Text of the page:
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A classic Mary Tyler Moore Show episode mirrors Apple TV Plus’ Morning Show series

How two series airing nearly 50 years apart deal with women in media

Photo: Apple TV Plus

There are so many streaming options available these days, and so many conflicting recommendations, that it’s hard to see through all the crap you could be watching. Each Friday, The Verge’s Cut the Crap column simplifies the choice by sorting through the overwhelming multitude of movies and TV shows on subscription services and recommending a single perfect thing to watch this weekend.

What to watch

“Assistant Wanted, Female,” a season 1 episode of The Mary Tyler Moore Show, written by Treva Silverman and directed by Peter Baldwin, and originally airing on CBS on November 21st, 1970. Over the course of seven seasons, the groundbreaking sitcom followed Mary Richards (Mary Tyler Moore), an unmarried career woman working as a broadcast news producer at a Minneapolis TV station where the demands of the job regularly interfered with her personal life. In “Assistant Wanted, Female,” Mary’s boss Lou Grant (Ed Asner) allows her to hire some help, and she takes a chance on her snobbish, conceited neighbor Phyllis Lindstrom (Cloris Leachman) who has a hard time taking orders from someone she considers her inferior.

Why watch now?

Because The Morning Show debuts on Apple TV Plus today.

Consumers will be inundated with new subscription streaming services over the next six months, with Disney+, HBO Max, and NBCUniversal’s Peacock all launching soon, offering original programming alongside an impressive back catalog of classic television and movies. Apple TV Plus will be one of the least expensive of the streaming market’s major players, though, without a Disney- or HBO-like archive of highly valued older content, the company intends to lure subscribers solely with its own products. The service arrives today with a small handful of TV series in a variety of genres, from period dramas to kids’ shows.

The centerpiece of the Apple TV Plus first wave is The Morning Show. The backstage melodrama stars Jennifer Aniston as a veteran network TV news anchor who fights for her job and tussles with a new rival (Reese Witherspoon) when her longtime co-host (Steve Carell) is fired for sexual misconduct. The star-studded series (which also features Billy Crudup, Gugu Mbatha-Raw, Mark Duplass, and Bel Powley as well as guest appearances from Mindy Kaling and Martin Short) tackles the same fragmented, rocky modern media landscape that led to the creation of Apple TV Plus in the first place. It also deals with how women are treated in show business in the #MeToo era.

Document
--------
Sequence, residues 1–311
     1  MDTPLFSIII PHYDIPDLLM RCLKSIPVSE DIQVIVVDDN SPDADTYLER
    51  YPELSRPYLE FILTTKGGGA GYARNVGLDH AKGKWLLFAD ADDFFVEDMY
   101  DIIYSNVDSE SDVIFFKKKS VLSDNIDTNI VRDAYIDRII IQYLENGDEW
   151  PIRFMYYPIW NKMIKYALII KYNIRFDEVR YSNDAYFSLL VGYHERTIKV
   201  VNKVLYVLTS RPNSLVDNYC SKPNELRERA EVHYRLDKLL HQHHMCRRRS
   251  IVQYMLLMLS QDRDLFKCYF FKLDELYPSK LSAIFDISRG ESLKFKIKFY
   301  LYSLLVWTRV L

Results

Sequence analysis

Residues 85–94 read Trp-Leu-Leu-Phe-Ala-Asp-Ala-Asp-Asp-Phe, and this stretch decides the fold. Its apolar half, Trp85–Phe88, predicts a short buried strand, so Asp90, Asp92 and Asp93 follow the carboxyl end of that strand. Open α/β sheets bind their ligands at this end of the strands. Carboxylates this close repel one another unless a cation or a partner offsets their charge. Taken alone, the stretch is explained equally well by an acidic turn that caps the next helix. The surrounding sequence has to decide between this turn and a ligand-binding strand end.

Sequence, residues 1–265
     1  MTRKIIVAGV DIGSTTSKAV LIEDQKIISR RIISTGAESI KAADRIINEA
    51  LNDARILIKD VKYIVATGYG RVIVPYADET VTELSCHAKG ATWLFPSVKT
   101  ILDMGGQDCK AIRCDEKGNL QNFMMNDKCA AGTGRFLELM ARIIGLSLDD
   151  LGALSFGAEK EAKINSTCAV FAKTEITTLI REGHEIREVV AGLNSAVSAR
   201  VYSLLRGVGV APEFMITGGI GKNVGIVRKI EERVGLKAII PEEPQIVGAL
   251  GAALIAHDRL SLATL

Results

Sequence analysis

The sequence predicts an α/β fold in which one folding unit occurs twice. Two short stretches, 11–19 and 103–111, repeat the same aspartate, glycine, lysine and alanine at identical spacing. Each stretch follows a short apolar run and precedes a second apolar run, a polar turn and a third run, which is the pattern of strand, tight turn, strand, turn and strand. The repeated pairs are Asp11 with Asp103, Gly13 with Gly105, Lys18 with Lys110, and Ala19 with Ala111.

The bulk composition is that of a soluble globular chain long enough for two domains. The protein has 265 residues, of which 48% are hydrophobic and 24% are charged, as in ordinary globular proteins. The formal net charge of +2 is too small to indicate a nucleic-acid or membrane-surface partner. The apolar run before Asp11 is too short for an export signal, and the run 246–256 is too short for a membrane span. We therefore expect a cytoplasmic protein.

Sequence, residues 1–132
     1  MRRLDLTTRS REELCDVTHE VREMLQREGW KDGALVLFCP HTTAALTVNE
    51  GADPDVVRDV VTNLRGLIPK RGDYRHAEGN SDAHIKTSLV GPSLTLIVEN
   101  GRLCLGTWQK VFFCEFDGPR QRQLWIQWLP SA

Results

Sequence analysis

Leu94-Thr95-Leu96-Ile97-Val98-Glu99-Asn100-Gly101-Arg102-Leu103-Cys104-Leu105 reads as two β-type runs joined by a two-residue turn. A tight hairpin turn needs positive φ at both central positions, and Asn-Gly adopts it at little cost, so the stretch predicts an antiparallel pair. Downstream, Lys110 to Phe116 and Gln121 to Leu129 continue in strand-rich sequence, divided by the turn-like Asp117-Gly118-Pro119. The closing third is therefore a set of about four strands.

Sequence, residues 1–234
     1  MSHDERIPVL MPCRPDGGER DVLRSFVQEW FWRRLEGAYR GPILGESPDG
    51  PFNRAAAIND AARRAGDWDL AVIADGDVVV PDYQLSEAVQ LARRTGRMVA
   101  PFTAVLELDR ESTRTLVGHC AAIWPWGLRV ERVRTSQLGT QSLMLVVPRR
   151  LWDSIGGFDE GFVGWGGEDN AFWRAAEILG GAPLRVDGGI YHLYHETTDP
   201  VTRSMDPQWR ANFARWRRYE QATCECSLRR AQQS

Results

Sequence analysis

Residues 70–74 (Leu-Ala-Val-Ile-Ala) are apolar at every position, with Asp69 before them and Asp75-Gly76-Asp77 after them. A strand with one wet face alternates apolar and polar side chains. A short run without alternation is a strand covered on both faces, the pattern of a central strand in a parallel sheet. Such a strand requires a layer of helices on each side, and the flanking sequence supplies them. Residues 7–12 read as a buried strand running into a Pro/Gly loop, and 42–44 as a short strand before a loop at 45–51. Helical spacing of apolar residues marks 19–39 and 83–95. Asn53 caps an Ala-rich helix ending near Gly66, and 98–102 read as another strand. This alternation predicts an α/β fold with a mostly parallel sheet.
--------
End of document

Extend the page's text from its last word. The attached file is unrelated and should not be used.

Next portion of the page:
The Morning Show is hardly the first series to find drama and humor in the evolving roles for women in media. Beginning in 1970, The Mary Tyler Moore Show built a devoted audience with its sophisticated, funny take on the everyday grind of turning out a local news telecast — and with its depiction of the toll the job takes on one independent woman. Mary Richards had her share of romantic subplots during the run of the show, but the writers (including Silverman, one of the few women in the room) were far more interested in her friendships and in how she navigated a stressful, fast-paced workplace.

The Mary Tyler Moore Show was especially good at contrasting Mary with the other women in her life. “Assistant Wanted, Female” opens with her sharing breakfast with her best pal Rhoda, a wisecracking cynic, stressing out about her diet. (“Just a 70-calorie hard-boiled egg for ol’ tubbo,” Rhoda says of herself, before giving in to temptation and having toast with jam.) Both of them bristle at Phyllis, who swoops into Mary’s apartment looking well-dressed and perfectly coiffed, boasting about “being a model wife and a perfect mother.” (“She’s going to give overbearing, aggressive women a bad name,” Rhoda gripes.) As Mary strives to be taken seriously at work, she sees reflections of herself in her two friends: the one who gets on everyone’s nerves because she tries too hard and the one who stays primed for disappointment by treating everything as a joke.

Who it’s for

Anyone interested in tracking the transitions women have experienced in the workplace, and in media, in particular.

“Assistant Wanted, Female” arrived early in The Mary Tyler Moore Show’s run when Mary was still trying to find her bearings at the fictional Minneapolis station WJM. Without making a big point of it, the episode exposes the gendered power imbalance in the newsroom where Mary is expected to work through lunch, covering the phones and doing the filing, while news anchor Ted Baxter (Ted Knight) takes a long nap after a two-hour Mexican feast.

Most of the humor here comes from the way Mary manages two competing egos as she runs interference between the evening news’s sour, unsentimental producer Lou and the above-it-all Phyllis. Because she takes this job mostly as a lark, Phyllis has a lackadaisical attitude toward her clerical assignments and working hours. When Mary chastises her for embarrassing her in front of Mr. Grant, Phyllis assumes her friend is just jealous and wonders if she should’ve dressed more “dowdy,” so as not to overshadow Mary. Like the best of The Mary Tyler Moore Show, “Assistant Wanted, Female” is snappy, with a keenly nuanced sense of how bad habits and unfair presumptions have way too much to do with how the world really works.

Where to see it

Hulu. None of The Mary Tyler Moore show spinoffs — Rhoda, Phyllis, and Lou Grant — are currently available to stream. That’s a shame because, collectively, they also have a lot to say about labor and gender in 1970s America.